White-hat hackers in high demand for Internet security skills

PHOTO: Shutterstock

Yang Wei is so good at solving thorny online security problems, and so in demand, that he hasn't had any rest over the past two months.

Yang, 24, who works for WooYun, the largest employer of white-hat hackers in China, was on the road to Shanghai last week to provide security technology training and organise offline security salons.

"I never thought I would be exhausted as a security employee, but I find it is not an easy job," Yang said.

Despite his youth, Yang has become a key player at WooYun, sharing his security knowledge with online communities and working with companies to resolve their security issues.

Younger people like Yang form the majority of China's white-hat hackers, a type of Internet expert known for identifying security problems, but not exploiting them for personal gain.

According to a report released by GeekPwn, an online security community, and Tencent, a large Chinese technology company, more than 60 per cent of white-hat hackers in China were born after 1990, and they are becoming younger.

Neither the report nor the country's cyberspace authority have released the exact number of white-hat hackers in China. But WooYun, for example, which was founded in 2010, has more than 7,200 security staff members.

Some of the young generation have talent in handling security risks and most of them have a broader understanding of the industry than their predecessors, said Guan Mochen, technical director of Kingsoft Security, a large national security provider.

They are also shouldering more pressure and facing bigger challenges, Guan said.

The report said that 84 per cent of Internet users think the yearly income of security staff could be more than 100,000 yuan (S$22,000), and 21 per cent think they could earn more than 500,000 yuan.

But, in fact, the yearly income of 55 per cent of the white-hat hackers is less than 100,000 yuan, it said.

Most security employees with just two years of working experience cannot demand a high salary in the field, Yang said.

"Even those who have mastered the key technology and can solve difficult security problems have not been paid what they deserve," Yang said.

Guo Xunping, vice-president of Bangcle, a mobile network security company, said talented security experts deserve higher incomes, but pay still trails.

High pressure

Salaries may be lower than desired, but white-hat hackers keep busy. Yang is a frequent flier, and he complains that he has no personal life.

"Since June, I have always been on a flight to Shanghai, Shenzhen, in Guangdong province, or Hangzhou, Zhejiang province, during the weekends, and it is still going on," he said.

"I am physically and mentally exhausted, but I am still persisting because I love the security job and always have a great passion," he said.

In the past, he supplied online security testing for companies, but with the fast development in the industry, he needs to handle many issues in person and through on-site training.

"In this way, I have to go to the companies to communicate. After all, some thorny or complicated security risks are not suitable to discuss in calls or on the Internet," he said.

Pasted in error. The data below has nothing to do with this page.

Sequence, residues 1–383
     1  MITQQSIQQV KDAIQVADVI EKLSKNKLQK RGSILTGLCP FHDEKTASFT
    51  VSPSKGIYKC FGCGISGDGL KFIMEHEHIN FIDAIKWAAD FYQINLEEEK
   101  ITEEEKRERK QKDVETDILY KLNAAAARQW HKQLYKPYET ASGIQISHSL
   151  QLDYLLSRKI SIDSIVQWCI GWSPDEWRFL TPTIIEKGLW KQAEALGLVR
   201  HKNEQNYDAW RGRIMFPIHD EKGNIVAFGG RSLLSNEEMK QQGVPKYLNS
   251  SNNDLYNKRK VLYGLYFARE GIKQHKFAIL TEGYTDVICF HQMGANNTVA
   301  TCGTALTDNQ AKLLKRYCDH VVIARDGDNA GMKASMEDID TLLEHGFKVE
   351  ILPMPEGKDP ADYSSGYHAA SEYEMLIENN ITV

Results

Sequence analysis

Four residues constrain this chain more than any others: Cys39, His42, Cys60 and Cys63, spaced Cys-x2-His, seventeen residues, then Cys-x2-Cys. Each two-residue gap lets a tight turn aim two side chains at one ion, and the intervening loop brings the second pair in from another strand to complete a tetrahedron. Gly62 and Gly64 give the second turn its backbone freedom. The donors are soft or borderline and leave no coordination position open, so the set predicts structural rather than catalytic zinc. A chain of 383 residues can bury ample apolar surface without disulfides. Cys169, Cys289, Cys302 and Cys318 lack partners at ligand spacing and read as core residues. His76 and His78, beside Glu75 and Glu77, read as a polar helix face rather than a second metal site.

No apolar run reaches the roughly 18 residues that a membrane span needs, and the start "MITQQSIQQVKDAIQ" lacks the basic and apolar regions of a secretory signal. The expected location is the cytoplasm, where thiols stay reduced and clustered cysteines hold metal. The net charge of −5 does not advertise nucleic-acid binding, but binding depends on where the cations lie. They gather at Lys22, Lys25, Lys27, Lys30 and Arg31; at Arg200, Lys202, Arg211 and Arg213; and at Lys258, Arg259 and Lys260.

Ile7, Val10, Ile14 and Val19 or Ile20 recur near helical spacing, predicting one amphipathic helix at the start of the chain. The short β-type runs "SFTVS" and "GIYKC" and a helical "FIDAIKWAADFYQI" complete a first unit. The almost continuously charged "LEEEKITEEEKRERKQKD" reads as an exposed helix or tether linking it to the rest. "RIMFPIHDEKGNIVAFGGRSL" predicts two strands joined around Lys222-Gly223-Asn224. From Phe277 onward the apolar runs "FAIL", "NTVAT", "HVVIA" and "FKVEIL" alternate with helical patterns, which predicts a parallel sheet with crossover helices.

Additionally, as a leader of the white-hat hackers at WooYun, Yang also is in charge of contacting companies in different cities and calling them regularly to share new industry findings.

Liu Hui, 25, who has a doctorate in security from Shanghai Jiao Tong University, said it is not difficult for her and her classmates to find security jobs, but identifying high-paid work without frequent business trips is challenging.

"If my future security job demands that I fly all the time and asks me to devote more time and energy, maybe I will change to another job or even consider leaving the industry," said Liu, who works for a security lab in the university.

Although Liu does not face excessive work currently, she is often asked to participate in security competitions, which occupy her spare time.

"I've felt the big pressure in the industry, so now I've decided to select some interesting or useful competitions that can improve my security skills to take part in," she said.

Guo, of Bangcle, said the younger generation's family members or friends don't always understand the commitment the field requires.

"The security technology, for many smartphone users, is too professional or advanced to understand," Guo said.

Additionally, the lower salaries have even made it challenging for some white-hat hackers to afford their apartment rentals in Beijing, Shanghai and Guangdong.

"The living challenges sometimes cause a few security protectors to be real hackers, as the 'black market' could bring them great profits," said Guan, of Kingsoft.

Shortage of talent

The Tencent report said that the security industry's fast development means finding and training more young security employees is a big challenge.

By 2014, 103 of the more than 2,500 universities across the country had offered majors relating to information security. But fewer than 10,000 students graduate every year, so the shortage of related talent could reach 1 million, it said.

Guan said most young security employees taught themselves and it remains necessary to provide them additional training.

"We don't exclude talent who have a deep and powerful understanding of the field, but the industry still needs a complete knowledge base that can help employees look at problems thoroughly," he said.

Meanwhile, there is also a big demand for security talent with more knowledge in certain or specific fields, such as mobile network security, Guo said.

"My company focuses on the security of smartphone applications and can give higher pay for people who are competent, but now the recruitment disappoints me," he said. "Few security graduates know the section, let alone how to ensure the security of purchase, privacy and data transmission on the applications."